Paula Henderson

Paula Henderson

Paula Henderson: Schematic Patterns
February 25–April 2, 2005
Opening Reception: Friday February 25, 6-9pm

Linda Warren Gallery is proud to present SCHEMATIC PATTERNS, a solo exhibition of local artist Paula Henderson’s most recent work. In colorful, carefully rendered works on paper, canvas and wood, Henderson re-creates diagrams, from sports arena complexes to familiar Chicago neighborhood maps. By decoratively disclosing or re-deploying that which she believes many plans and charts work to camouflage, Henderson meditates on the consciousness of various social systems and structures and the conditions they perpetuate.

PH21_mandala_largeIn The Re-Mix drawing series (2003-–2005), Henderson rearranges Chicago neighborhoods and select suburbs into a loosely alphabetical model; Garfield Park ends up sandwiched by Glencoe and the now landlocked Gold Coast. The prospect of economic and educational advantages traversing presently segregated races, classes and ethnicities drips along with the watercolor grid lines. Contemplating the possibilities such geographic change could prompt, Henderson explores a function of mapping in which proximity becomes an opportunity for meaningful cultural exchange.

Brightly hued geometric works on canvas resembling sports arena seating charts make up Henderson’s Mandala series (2004). Used in both Hinduism and Buddhism and loosely defined as ritualistic geometric designs symbolic of the universe, the mandala is applied as an aid to meditation as well as determining floor-plans from which complex southeast Asian temples rise. By using such a sacred form to address the very secular world of professional sports, Henderson attempts to keep ‘in play’ what we know and accept about the business of games, bringing up issues of spectatorship in light of social disparities of race and class.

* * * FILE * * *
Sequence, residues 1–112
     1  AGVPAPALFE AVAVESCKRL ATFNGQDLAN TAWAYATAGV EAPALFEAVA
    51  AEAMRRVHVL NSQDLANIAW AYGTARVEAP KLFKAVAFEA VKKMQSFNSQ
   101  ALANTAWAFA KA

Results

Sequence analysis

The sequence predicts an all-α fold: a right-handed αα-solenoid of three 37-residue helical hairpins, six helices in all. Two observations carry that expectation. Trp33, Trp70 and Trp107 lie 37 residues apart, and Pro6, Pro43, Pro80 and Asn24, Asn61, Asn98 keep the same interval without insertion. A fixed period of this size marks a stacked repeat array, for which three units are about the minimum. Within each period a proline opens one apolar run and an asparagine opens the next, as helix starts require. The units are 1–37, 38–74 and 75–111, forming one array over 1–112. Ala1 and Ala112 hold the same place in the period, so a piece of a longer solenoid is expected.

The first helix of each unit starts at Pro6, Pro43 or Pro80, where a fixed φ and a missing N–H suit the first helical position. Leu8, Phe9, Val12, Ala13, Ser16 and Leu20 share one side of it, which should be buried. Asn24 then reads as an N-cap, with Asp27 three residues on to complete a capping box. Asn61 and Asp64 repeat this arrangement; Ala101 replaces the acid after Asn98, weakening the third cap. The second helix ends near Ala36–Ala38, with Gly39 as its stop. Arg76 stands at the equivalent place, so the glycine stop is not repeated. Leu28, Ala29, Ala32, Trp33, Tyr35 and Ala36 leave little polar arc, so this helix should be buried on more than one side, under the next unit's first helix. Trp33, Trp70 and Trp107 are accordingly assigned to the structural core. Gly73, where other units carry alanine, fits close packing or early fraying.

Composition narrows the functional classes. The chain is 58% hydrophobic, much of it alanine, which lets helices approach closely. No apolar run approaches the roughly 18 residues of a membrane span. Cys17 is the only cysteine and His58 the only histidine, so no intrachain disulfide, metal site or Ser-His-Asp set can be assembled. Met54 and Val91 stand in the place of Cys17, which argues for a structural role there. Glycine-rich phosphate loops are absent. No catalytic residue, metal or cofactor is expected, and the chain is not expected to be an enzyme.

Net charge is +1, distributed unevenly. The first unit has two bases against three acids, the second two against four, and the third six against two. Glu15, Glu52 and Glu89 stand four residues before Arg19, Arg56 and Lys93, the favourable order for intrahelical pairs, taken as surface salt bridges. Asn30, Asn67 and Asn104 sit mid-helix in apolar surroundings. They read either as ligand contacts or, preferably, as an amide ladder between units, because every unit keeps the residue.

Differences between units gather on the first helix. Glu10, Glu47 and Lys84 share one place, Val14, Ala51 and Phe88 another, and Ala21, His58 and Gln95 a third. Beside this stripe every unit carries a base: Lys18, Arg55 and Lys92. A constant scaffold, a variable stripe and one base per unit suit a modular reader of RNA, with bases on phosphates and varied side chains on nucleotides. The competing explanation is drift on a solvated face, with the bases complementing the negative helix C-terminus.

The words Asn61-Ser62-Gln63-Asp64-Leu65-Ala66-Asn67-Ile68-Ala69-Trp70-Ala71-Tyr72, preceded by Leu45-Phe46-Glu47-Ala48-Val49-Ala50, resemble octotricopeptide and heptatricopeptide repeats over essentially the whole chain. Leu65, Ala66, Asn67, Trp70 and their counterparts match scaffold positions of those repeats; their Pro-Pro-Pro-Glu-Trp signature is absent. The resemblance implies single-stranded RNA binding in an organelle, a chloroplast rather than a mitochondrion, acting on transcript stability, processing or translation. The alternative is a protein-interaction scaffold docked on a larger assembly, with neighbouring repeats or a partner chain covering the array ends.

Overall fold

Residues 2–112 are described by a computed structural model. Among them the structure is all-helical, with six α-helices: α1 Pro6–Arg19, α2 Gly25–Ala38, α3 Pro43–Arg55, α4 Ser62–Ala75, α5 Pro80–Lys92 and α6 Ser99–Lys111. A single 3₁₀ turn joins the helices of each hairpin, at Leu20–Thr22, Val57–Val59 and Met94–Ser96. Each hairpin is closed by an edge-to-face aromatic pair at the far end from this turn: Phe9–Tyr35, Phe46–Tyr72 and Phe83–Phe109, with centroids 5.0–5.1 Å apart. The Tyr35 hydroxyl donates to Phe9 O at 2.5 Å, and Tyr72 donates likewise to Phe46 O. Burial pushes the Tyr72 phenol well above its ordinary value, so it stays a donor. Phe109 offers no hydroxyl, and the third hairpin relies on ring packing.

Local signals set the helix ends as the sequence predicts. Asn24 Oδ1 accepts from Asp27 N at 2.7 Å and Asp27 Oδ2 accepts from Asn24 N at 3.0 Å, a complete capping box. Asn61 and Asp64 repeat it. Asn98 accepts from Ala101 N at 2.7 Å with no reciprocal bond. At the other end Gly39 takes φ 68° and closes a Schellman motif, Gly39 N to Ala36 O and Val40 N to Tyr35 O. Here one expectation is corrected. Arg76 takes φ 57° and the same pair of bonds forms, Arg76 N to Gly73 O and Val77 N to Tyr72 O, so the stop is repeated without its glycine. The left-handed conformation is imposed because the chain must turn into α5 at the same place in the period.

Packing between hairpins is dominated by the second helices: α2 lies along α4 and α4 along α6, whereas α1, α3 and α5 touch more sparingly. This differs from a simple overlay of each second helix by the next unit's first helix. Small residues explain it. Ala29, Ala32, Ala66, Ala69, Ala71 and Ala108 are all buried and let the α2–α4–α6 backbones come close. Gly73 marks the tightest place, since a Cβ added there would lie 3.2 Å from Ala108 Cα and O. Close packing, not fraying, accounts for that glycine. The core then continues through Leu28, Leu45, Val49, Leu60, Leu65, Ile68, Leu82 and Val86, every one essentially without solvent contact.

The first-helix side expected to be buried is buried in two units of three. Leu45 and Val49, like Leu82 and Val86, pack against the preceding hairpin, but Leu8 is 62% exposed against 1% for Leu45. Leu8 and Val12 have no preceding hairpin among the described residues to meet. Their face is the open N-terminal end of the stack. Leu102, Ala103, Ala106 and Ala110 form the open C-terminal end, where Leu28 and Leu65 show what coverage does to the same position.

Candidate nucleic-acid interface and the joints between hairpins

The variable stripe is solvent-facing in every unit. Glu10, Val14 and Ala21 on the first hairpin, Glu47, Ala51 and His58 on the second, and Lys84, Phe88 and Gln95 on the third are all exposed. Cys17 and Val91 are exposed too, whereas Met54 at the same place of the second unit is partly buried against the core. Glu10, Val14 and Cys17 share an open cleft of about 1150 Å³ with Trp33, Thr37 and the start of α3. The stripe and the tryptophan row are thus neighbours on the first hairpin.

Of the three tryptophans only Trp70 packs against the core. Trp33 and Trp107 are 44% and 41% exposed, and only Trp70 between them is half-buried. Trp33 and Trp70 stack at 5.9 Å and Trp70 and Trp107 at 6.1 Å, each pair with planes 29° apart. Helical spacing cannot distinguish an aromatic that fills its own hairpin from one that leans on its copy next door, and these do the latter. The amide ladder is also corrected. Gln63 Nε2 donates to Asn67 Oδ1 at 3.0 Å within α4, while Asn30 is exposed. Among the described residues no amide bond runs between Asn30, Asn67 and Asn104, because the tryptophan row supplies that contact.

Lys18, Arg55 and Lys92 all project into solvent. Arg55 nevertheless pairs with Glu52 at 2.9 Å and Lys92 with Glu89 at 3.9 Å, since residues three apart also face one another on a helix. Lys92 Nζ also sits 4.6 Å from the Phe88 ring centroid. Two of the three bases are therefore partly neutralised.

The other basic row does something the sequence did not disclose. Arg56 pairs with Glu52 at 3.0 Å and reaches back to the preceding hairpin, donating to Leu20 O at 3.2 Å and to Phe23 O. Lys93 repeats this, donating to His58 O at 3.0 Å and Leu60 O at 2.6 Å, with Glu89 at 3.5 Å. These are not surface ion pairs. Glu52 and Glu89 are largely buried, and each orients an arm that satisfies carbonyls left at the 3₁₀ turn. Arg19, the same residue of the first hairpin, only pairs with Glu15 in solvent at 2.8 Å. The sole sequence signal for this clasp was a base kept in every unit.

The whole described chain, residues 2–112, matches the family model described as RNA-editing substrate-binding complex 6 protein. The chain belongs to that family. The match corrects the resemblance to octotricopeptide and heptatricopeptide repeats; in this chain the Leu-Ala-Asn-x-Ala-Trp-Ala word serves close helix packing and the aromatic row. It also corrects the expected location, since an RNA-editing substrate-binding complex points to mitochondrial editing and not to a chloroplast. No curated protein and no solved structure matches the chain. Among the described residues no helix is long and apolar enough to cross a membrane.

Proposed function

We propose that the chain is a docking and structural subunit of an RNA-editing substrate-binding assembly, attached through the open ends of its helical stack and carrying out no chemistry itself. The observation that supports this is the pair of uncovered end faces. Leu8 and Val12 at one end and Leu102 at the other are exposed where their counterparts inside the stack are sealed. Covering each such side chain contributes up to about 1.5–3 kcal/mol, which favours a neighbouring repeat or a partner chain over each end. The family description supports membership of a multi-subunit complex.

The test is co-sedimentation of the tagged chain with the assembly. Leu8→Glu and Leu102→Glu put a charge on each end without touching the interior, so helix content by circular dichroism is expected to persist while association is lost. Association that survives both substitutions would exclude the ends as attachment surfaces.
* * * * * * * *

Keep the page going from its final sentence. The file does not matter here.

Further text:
In a similar fashion, Henderson’s contemporary urban take on popular 18th century French toile prints in the Toile: Domestic Balance series (2004) endeavors to redirect the viewer’s attention from that which is taken for granted (like something so banal as street crossing signs), to what can be recognized once isolated (i.e. where one might see such signs and what they denote at large or in the specific viewer’s mind). Typical toile motifs narrate stories of rural life, historical events, and the like; however, Henderson restructures the predominantly decorative pattern. Scenes of complacent pastoral enjoyment are replaced by white and black figures engaged in a precarious yet fixed balancing act, set against a looming monumental cityscape. As Henderson states, “In these works, images are so loaded with social significance that to construct meaning is to take a position that serves to connect the viewer with the welfare of the social order.”

Henderson is lead artist in the painting program and the PROJECT ONWARD program for young adults at Gallery 37, where she has taught since 1994. She obtained her BFA from the University of Massachusetts in 1972 and last year received her MFA from the University of Chicago, where she recently concluded a teaching fellowship. Henderson has exhibited extensively in Boston, Atlanta and Chicago and her work is incorporated into numerous private and public collections.